Walked away :) Posted ImageIs it really crashing if you don't fall down?--


Posted 27 March 2010 - 07:41 AM

Per a forum members succinct advice, I've drained the tank of water as water is corrosive to aluminum. Then sprayed it down with carb cleaner and silicone spray. My Tag-Along tank is the cleanest of clean!

Hoping for parts to be delivered today!

Walked away :) Posted ImageIs it really crashing if you don't fall down?--

Posted 30 March 2010 - 08:48 AM

My fittings arrived yesterday. Ordered both from Samspon and McMaster-Carr. The Sampson, being metal are sturdier and look cool, but they are kinda long and bulky. I'm going to try the much cheaper McM-C first. The piece at upper right is one way valve to prevent back flow from main to aux tank. It has a pretty stiff pop-off point, to allow flow, and I think it might be too restrictive for a gravity feed tank. I'll try it anyway.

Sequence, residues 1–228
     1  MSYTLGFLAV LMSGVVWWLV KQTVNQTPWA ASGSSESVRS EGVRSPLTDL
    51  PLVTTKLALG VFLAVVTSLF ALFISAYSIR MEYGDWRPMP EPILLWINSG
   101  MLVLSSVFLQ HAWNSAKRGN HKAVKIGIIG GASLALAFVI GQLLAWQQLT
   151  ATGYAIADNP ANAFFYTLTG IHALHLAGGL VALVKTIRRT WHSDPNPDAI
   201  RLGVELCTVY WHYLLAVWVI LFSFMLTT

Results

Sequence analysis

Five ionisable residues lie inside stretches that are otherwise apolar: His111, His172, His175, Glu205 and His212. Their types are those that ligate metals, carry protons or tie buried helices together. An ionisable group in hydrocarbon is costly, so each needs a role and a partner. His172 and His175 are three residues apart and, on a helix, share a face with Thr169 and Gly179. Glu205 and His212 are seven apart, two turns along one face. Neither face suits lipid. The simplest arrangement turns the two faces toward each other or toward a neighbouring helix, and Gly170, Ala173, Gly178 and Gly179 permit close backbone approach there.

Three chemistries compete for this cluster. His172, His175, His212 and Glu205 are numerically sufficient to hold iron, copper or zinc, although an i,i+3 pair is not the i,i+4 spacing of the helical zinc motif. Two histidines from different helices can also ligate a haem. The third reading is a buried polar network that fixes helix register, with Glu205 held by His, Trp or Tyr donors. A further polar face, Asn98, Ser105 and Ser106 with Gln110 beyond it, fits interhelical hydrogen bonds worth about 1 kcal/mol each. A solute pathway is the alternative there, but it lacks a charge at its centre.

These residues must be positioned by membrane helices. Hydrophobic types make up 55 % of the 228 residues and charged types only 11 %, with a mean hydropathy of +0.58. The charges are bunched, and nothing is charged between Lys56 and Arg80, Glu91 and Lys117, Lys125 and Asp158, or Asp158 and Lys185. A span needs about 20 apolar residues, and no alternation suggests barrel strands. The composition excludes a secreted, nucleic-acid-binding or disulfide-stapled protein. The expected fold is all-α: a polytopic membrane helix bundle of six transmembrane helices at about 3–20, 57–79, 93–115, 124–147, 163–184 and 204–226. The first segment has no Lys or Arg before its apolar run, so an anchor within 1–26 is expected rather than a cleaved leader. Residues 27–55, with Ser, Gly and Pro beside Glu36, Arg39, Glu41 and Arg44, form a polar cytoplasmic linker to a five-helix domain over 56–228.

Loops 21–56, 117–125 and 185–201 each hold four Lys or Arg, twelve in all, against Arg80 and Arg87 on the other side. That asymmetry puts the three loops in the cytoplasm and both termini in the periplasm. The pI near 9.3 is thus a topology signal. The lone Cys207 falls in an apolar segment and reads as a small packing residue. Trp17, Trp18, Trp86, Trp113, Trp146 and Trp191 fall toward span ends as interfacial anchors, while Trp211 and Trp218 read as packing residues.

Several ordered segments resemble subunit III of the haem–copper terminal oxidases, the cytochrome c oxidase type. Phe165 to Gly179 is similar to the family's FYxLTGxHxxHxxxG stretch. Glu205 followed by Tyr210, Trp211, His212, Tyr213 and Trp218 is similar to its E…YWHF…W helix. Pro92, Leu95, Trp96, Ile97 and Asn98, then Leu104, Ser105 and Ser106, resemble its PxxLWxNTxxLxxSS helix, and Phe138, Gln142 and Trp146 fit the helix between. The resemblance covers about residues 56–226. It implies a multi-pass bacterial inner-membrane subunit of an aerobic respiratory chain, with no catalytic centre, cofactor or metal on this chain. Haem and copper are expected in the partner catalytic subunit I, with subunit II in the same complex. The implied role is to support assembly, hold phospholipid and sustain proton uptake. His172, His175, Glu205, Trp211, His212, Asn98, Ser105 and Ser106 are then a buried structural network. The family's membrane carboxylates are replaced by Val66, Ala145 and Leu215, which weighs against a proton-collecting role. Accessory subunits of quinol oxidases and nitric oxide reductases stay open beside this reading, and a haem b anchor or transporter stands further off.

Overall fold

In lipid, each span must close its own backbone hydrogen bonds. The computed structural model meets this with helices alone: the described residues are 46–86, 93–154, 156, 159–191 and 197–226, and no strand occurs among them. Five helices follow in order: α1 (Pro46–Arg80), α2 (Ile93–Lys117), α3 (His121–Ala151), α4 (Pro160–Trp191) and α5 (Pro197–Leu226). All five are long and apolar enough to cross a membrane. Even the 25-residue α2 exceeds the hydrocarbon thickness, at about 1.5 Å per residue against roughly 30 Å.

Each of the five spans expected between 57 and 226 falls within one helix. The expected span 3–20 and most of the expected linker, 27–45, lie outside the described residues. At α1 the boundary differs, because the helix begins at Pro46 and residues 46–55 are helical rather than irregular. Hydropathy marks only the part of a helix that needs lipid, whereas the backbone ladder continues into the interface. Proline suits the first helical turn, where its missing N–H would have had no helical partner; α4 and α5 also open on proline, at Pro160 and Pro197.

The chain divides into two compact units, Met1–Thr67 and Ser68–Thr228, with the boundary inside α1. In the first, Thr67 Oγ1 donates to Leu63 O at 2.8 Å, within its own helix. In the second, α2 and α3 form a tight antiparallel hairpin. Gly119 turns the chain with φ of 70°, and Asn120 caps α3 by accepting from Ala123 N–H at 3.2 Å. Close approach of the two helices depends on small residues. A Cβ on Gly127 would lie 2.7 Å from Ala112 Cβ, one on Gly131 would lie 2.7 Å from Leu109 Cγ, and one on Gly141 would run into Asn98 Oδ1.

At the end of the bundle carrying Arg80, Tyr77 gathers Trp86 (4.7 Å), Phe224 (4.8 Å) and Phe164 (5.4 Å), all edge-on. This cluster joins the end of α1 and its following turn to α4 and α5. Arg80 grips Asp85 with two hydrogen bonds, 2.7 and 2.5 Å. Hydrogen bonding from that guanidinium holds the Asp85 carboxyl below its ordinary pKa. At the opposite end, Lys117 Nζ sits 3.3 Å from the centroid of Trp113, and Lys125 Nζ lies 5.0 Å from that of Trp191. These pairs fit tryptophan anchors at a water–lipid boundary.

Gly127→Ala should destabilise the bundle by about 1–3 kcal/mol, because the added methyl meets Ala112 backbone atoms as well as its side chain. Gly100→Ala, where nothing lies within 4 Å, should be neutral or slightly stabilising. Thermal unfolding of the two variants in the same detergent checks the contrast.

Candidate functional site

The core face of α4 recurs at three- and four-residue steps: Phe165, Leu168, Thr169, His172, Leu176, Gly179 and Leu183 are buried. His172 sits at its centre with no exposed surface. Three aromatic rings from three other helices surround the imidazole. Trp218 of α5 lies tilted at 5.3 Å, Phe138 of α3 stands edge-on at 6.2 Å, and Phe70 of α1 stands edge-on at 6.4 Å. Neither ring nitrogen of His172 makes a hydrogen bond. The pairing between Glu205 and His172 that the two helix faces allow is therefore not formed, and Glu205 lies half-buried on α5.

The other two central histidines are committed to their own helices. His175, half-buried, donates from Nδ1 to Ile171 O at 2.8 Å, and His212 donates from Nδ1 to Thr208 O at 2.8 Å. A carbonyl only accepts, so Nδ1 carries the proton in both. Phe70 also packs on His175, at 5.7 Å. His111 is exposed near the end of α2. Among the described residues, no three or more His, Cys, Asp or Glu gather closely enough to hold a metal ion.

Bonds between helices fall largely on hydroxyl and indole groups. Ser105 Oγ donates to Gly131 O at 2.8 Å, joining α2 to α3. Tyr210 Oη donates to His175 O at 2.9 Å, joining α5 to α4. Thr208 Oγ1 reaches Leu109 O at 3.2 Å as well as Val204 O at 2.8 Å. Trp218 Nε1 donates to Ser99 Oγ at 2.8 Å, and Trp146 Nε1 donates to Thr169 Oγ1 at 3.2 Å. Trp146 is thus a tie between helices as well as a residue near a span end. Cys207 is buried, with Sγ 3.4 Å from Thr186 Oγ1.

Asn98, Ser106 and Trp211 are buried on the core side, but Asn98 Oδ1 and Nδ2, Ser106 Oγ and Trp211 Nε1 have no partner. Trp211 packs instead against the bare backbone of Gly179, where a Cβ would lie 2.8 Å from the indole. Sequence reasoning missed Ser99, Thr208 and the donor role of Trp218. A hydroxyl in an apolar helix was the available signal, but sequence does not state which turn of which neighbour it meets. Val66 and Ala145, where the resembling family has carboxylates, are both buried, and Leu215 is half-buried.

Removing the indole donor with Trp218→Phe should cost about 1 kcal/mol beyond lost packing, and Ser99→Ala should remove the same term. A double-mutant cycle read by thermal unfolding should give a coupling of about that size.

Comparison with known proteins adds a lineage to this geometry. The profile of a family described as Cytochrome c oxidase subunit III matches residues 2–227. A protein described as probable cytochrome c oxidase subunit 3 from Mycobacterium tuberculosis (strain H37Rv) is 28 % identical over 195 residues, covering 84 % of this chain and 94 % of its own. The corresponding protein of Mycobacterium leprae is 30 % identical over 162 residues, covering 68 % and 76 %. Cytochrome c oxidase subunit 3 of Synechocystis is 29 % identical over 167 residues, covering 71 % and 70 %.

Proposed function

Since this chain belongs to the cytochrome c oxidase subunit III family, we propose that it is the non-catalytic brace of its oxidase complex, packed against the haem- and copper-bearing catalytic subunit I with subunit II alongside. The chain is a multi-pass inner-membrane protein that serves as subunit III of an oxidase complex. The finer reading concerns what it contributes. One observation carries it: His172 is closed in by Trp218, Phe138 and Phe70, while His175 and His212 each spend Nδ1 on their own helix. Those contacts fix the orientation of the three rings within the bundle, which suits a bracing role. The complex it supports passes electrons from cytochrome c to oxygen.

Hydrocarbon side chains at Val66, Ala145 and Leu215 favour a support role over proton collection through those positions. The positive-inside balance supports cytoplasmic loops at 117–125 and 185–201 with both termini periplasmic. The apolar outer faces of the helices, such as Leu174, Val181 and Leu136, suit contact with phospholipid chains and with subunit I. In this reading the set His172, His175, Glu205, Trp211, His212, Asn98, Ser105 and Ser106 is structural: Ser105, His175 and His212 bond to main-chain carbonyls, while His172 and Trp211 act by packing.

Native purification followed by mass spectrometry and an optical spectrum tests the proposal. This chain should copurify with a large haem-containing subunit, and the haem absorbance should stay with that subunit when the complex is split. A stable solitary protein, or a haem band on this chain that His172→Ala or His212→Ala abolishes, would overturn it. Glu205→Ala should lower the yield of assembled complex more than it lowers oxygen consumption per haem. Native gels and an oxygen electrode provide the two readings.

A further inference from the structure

Walked away :) Posted ImageIs it really crashing if you don't fall down?--

Posted 31 March 2010 - 07:34 AM

Ok, so old Joe2Maker got me all in a tizzy about having to cut the bracket, find a welder, blah blah blah. Then I realized, WTFO, I've already had this tank on bike, valve installed, with fittings too!

How else would I drain the water out of the tank for a rate of flow test? unsure.gif Well, then huh? I'm waiting! unsure.gif

Unlike my Minnesotian friends, we in Kali like to only use fitting sizes appropriate to the task at hand.... (oooh, ouch)

In other words, I luckily used smaller fittings and did not, do not, have an interference problem. Check it out.

Walked away :) Posted ImageIs it really crashing if you don't fall down?--